The Force Awakened, but Originality Slept In

There’s this movie you might have heard about. I’ve already written about the experience of seeing Star Wars: The Force Awakens — the first of the three times I saw it was probably the most fun I’ve had at a movie theater in thirty years.

But what about the movie itself — was it any good? (Warning, lots of spoilers. Although if you haven’t seen the movie already, you’re probably not going to.) I’m not going to write a proper review, since it’s far too late and you didn’t need a review to decide whether to go see it, anyway. But I will share a few thoughts before we talk about the important stuff.

The movie was good, good enough to see it three times. Enjoyable. A breath of fresh’ish air after the catastrophies that were Episodes 1–3. In fact, I think a lot of the fan feelings in general about the film are a result of comparing it to 1-3 instead of 4-6.

Bigger is Better

Because, if you compare it to 4-6, you quickly figure out that it’s a remake of New Hope.

  • Bad guys in a big ship trying to find out information held by the good guys. Check.
  • Main bad guy (MBG) wears a mask that hides his face and distorts his voice. Check.
  • MBG kills a bunch of people in an attempt to get the information. Check.
  • Good guy gives information to a droid to protect. Check.
  • Droid gets dropped on a desert planet. Check.
  • Desert planet also contains a 20-something “orphan” left on the planet as a child. Check.
  • 20-something is magically united with the droid. Check.
  • 20-something picks up some companions, has several adventures and narrow escapes but eventually gets the information to the good guys, while in the process discovering he/she has, and can use, “The Force”. Check.
  • MBG reports to an ugly, hologram Bad guy with a capital B who seems to be in charge of all the Badness. Check.
  • Bad guys have a giant device that can destroy a planet. Check.
  • Bad guys destroy a planet with the giant device. Check.
  • Good guys figure out a far-fetched way to destroy the giant device. Check.
  • Bad guys fire up the giant device to destory the good guys, but, with only seconds to spare, good guys destroy the giant device instead. Check.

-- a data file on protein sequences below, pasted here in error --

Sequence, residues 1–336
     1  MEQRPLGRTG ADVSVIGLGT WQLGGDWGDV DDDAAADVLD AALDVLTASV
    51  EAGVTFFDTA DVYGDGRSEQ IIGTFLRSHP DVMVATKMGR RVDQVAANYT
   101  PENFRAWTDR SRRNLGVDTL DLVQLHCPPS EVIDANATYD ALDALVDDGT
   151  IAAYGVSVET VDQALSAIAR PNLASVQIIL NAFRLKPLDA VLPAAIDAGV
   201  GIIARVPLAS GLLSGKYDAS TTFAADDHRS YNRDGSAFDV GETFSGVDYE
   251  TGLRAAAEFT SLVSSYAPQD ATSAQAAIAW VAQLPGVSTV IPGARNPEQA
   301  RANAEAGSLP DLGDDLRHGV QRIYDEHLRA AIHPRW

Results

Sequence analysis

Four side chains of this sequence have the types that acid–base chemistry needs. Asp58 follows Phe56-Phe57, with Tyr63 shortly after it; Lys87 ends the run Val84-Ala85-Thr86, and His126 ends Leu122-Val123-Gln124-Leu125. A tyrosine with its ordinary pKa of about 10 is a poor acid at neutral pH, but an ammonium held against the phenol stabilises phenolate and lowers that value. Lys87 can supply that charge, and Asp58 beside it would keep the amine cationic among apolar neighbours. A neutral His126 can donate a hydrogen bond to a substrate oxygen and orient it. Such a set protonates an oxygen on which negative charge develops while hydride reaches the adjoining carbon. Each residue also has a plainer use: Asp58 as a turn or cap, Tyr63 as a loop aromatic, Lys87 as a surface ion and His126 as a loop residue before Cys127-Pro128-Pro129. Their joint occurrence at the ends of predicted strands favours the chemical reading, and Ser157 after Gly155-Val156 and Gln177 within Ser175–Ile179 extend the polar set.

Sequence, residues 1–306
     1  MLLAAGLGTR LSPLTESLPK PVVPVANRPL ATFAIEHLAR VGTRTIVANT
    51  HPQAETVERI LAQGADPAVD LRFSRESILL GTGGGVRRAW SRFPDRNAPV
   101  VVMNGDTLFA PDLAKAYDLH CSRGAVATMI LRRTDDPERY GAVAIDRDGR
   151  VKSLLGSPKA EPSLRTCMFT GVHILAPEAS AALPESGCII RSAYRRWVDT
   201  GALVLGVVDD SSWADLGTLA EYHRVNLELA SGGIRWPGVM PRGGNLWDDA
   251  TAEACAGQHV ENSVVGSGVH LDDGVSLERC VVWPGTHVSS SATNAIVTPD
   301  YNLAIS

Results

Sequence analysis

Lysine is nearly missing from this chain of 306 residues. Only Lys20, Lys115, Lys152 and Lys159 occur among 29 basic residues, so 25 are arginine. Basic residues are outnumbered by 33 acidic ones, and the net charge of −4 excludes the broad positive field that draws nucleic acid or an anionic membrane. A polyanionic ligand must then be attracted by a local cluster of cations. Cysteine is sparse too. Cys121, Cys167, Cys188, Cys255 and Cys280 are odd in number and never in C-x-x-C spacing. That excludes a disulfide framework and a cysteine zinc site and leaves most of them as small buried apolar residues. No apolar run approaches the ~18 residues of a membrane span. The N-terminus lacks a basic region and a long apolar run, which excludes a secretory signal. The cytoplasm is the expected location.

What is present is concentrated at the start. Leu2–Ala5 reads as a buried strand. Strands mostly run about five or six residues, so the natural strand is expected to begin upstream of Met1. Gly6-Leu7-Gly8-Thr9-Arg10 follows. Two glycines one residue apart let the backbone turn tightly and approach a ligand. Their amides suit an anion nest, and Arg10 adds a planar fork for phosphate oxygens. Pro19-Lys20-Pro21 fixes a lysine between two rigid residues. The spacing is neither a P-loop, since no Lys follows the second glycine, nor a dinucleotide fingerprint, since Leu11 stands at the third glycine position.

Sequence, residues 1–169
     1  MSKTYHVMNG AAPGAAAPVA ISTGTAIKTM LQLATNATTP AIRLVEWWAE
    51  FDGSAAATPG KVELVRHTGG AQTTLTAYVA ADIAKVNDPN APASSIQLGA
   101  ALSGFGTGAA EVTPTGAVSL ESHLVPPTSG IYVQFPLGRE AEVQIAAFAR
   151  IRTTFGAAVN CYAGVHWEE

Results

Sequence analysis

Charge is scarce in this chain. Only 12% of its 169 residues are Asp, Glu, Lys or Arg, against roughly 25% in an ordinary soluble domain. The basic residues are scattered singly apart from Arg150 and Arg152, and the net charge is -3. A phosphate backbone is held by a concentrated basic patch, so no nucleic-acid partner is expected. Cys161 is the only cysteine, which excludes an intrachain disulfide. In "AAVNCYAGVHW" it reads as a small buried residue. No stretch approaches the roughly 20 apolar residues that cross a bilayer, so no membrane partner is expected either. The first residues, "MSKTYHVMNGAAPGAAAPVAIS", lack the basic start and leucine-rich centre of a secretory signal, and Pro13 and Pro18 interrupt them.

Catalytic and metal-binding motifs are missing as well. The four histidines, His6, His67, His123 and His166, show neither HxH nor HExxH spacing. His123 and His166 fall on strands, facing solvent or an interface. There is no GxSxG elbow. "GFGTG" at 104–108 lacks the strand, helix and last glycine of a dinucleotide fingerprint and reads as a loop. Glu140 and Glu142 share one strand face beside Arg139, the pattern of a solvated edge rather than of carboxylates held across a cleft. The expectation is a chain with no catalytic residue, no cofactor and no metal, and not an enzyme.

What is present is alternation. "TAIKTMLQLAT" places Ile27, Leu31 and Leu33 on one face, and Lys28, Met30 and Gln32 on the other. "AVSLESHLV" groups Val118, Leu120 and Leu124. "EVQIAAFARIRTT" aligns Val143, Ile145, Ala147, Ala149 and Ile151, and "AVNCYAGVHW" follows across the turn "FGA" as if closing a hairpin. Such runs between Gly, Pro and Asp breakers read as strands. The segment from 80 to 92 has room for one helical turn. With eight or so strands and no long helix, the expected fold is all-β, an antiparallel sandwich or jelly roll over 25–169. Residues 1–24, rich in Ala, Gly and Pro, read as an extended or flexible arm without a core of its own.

There are more, but you get the idea.

Having a few homages to the original movies is fine; we all expected them and would have been disappointed without them. But the degree to which Abrams, director and co-writer of FA, copies New Hope is just slavish and unnecessary.1 And, ultimately, distracting. Abrams seems to realize it — at one point in FA, someone says the obvious — “it’s the same as the Death Star”. “Oh, no, no, no,” says another character, “this one is a LOT bigger!” while showing a picture of the two next to each other.

And that sums up what passes for movie-making in 2015 — make it the same as the last one, only bigger.

In With the New, Out With the Old

Moving past that, it’s a rollicking good film.

Daisy Ridley as Rey is confident and assured, but with the underlying uncertainty that comes from being abandoned as a child, and Ridley plays her perfectly. The shot of her eating with an ancient pilot helmet on is beautiful, and communicates an enormous amount about her without using words. Her initial interactions with Finn are hilarious (“Why do you keep holding my hand?!”). Her scene with Maz as she (Rey) is forced to face the facts of her abandonment is also exactly on target. She’s easily the best discovery of the new trilogy.

Johh Boyega is likewise a great addition. His Finn2 is a Stormtrooper with a conscience. I appreciated that initially his goal of getting the heck out of Dodge overrode his affection for Rey. His humor isn’t forced, and his bravery isn’t overdone.

Adam Driver is a little too old to be playing an angst-driven teenager, which is essentially what Ren is, regardless of his age (which would appear to be several years older than Rey/Fin). I’m not particularly crazy about the character or his portrayal of it, but I don’t actively dislike it, either.